Famous Migraineurs: Anne Frank

by Nancy Harris Bonk

 Anne Frank's contribution to the history of the Holocaust is well known; but did you also know she may have suffered from Migraines? Due to the various symptoms she describes in her dairies, Migraine researchers believe that Anne probably had Migraines and tension-type headaches. Anne was born on June 12, 1929, to parents Otto and Edith Frank. Anne and Margot, her older sister, lived in Frankfurt, Germany until Anne was five-years-old.  

Otto, being in the banking business, had business connections in Amsterdam. This enabled him to escape there just weeks before the Nazi's began their rise to power in 1933. He went to Amsterdam, leaving behind his wife and two daughters with their grandparents in Aachen, Germany. The Franks were reunited in February, 1934, with Anne being the last family member to arrive in Amsterdam. It wasn't until 1942 that German and Dutch authorities began to concentrate on the Jewish people throughout the Netherlands, tracking them down, sending thousands off to transit camps, then on to concentration camps. Anne and Margot were picked for labor camps at Bergen-Belsen. The girls died of typhus in March, 1945, a few short weeks before their camp was liberated. Edith Frank died in Auschwitz in January, 1945. Only Otto survived World War II.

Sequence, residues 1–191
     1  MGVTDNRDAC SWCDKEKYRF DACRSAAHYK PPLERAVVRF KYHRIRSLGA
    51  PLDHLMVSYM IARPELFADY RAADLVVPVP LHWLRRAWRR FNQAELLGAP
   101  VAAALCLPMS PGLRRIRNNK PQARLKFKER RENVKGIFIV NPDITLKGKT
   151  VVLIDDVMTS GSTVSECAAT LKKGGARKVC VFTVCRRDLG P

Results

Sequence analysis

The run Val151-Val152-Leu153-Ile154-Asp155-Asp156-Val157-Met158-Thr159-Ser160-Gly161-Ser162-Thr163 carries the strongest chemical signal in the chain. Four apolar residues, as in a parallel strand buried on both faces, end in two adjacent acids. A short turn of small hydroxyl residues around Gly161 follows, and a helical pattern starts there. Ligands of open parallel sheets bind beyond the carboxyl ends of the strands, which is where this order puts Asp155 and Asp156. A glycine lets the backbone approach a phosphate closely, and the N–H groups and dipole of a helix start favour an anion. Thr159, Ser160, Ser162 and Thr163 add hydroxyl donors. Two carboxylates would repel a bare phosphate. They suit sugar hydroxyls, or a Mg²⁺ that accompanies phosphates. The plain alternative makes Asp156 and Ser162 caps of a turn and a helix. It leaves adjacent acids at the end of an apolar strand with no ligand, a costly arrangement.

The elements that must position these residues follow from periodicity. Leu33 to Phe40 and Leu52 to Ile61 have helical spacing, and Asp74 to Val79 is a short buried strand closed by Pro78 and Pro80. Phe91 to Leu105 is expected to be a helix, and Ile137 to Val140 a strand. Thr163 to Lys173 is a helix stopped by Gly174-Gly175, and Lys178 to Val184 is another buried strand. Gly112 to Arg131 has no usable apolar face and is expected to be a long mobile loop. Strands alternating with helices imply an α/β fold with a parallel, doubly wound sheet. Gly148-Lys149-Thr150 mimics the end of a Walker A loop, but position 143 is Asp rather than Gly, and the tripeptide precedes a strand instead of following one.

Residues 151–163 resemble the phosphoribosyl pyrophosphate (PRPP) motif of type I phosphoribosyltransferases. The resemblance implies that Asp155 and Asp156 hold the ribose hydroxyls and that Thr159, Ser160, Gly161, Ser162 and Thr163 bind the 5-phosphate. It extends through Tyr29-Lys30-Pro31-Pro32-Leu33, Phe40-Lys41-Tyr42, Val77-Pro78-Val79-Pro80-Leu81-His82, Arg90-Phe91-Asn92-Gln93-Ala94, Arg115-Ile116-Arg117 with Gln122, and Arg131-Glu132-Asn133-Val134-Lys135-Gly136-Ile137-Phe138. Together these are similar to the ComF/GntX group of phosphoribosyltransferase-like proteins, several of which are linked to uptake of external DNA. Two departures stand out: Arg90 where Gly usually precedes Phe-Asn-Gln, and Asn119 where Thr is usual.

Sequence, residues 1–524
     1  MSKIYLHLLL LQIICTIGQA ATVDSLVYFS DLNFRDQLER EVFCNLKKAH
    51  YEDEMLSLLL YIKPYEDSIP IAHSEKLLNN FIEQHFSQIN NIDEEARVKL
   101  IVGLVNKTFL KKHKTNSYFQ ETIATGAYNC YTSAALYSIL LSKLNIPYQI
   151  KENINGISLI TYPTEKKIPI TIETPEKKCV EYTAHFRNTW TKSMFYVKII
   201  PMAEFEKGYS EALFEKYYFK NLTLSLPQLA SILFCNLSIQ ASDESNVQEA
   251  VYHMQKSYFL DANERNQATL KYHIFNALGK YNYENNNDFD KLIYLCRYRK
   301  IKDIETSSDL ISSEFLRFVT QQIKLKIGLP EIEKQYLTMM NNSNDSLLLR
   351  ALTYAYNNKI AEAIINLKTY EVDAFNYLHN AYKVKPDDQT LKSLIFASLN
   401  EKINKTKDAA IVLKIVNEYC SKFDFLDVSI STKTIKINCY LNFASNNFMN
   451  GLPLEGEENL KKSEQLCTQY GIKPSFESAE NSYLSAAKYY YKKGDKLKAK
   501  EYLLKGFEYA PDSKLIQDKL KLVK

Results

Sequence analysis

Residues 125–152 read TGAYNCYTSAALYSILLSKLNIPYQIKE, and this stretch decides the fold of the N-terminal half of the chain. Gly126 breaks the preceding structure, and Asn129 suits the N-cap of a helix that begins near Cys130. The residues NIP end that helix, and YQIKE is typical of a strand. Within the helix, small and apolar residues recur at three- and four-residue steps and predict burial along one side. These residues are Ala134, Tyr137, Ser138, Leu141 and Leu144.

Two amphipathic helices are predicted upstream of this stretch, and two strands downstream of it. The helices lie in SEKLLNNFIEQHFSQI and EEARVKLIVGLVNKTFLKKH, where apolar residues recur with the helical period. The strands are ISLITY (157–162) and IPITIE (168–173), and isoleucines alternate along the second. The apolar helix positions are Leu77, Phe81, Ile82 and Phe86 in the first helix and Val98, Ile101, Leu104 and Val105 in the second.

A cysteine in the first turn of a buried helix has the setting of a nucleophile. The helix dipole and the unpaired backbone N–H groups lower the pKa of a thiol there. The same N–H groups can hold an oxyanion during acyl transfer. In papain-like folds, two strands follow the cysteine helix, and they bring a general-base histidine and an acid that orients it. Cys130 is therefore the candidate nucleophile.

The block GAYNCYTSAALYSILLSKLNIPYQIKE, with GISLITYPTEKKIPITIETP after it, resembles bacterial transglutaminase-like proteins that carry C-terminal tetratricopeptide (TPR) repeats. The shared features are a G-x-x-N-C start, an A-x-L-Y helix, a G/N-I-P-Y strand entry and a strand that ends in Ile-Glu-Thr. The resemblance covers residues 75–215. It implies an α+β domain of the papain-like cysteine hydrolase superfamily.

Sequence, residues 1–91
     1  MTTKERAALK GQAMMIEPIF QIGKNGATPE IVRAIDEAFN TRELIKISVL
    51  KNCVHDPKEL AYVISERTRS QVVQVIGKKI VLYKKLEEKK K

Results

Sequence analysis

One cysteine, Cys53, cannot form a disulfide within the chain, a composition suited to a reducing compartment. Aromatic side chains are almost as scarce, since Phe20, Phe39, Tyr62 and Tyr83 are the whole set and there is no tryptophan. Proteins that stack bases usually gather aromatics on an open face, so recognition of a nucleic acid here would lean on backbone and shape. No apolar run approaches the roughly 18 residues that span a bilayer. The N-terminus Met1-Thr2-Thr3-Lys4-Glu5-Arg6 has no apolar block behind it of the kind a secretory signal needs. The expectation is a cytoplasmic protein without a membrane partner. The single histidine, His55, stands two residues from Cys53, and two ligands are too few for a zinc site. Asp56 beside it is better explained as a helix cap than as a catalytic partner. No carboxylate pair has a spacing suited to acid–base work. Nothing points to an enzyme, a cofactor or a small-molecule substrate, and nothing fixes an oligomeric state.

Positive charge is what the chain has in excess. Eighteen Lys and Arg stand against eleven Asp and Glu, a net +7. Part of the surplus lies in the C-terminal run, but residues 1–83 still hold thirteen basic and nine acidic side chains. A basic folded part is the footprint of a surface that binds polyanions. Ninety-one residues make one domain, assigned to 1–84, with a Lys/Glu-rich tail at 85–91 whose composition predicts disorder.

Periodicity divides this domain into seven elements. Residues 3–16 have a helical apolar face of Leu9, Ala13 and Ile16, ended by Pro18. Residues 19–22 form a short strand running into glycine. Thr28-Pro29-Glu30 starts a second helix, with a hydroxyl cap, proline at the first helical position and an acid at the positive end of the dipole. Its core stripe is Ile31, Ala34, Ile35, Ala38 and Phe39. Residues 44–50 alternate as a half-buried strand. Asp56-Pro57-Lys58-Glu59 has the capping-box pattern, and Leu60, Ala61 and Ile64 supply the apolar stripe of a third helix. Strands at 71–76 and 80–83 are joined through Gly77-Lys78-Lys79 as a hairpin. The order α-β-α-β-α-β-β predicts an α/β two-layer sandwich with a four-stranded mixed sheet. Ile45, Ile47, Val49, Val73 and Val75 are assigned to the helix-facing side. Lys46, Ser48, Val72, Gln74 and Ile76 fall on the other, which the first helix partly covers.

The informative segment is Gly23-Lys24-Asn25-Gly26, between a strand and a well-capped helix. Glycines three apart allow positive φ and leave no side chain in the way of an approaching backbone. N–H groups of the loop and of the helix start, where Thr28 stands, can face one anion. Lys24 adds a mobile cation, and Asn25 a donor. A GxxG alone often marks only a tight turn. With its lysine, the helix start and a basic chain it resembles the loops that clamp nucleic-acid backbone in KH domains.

Anne and her family shared a small, cramped secret attic apartment from 1942 to 1944, until four other Jews joined them. On Anne's 13th birthday, she was given a diary in which she wrote about her hopes, dreams, daily life and thoughts about becoming a woman while living in the "Secret "Annex" as she called it. She also described her isolation and fears of captured in the diary.

She experienced episodic head pain and was able to describe the symptoms in her diary. Some of them include vomiting, eye pain, and nausea. During these painful episodes, she wanted to be left alone and to be able to sleep. Anne often described her head pain as "throbbing," "pounding," "awful" and "terrifying." With some letters Anne wrote and entries from her diaries, de Almeida and  Kowacs determined that Anne's symptoms met the International Headache Society criteria for probable Migraine and tension-type headaches.

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